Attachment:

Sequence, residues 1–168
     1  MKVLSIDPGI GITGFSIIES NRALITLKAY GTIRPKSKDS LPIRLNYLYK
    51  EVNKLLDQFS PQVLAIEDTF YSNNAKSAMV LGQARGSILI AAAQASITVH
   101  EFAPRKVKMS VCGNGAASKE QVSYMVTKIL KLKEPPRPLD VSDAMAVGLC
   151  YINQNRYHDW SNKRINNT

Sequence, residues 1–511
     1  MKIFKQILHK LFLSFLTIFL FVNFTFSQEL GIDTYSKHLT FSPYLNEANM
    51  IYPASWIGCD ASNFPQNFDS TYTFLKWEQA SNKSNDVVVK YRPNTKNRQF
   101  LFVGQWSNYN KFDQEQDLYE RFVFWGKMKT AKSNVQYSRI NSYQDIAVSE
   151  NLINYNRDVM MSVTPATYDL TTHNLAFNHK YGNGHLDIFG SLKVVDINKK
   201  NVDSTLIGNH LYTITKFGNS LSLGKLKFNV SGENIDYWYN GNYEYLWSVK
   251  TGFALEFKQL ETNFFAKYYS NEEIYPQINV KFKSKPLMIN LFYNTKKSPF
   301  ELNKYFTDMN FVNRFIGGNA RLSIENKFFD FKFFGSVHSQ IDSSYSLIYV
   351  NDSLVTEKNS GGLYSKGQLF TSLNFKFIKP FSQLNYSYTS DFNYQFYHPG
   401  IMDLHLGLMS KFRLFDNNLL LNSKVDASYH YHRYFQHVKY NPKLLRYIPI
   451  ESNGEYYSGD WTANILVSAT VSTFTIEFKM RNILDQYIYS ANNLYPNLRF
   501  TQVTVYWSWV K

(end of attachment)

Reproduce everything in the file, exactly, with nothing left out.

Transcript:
Sequence, residues 1–168
     1  MKVLSIDPGI GITGFSIIES NRALITLKAY GTIRPKSKDS LPIRLNYLYK
    51  EVNKLLDQFS PQVLAIEDTF YSNNAKSAMV LGQARGSILI AAAQASITVH
   101  EFAPRKVKMS VCGNGAASKE QVSYMVTKIL KLKEPPRPLD VSDAMAVGLC
   151  YINQNRYHDW SNKRINNT

Sequence, residues 1–511
     1  MKIFKQILHK LFLSFLTIFL FVNFTFSQEL GIDTYSKHLT FSPYLNEANM
    51  IYPASWIGCD ASNFPQNFDS TYTFLKWEQA SNKSNDVVVK YRPNTKNRQF
   101  LFVGQWSNYN KFDQEQDLYE RFVFWGKMKT AKSNVQYSRI NSYQDIAVSE
   151  NLINYNRDVM MSVTPATYDL TTHNLAFNHK YGNGHLDIFG SLKVVDINKK
   201  NVDSTLIGNH LYTITKFGNS LSLGKLKFNV SGENIDYWYN GNYEYLWSVK
   251  TGFALEFKQL ETNFFAKYYS NEEIYPQINV KFKSKPLMIN LFYNTKKSPF
   301  ELNKYFTDMN FVNRFIGGNA RLSIENKFFD FKFFGSVHSQ IDSSYSLIYV
   351  NDSLVTEKNS GGLYSKGQLF TSLNFKFIKP FSQLNYSYTS DFNYQFYHPG
   401  IMDLHLGLMS KFRLFDNNLL LNSKVDASYH YHRYFQHVKY NPKLLRYIPI
   451  ESNGEYYSGD WTANILVSAT VSTFTIEFKM RNILDQYIYS ANNLYPNLRF
   501  TQVTVYWSWV K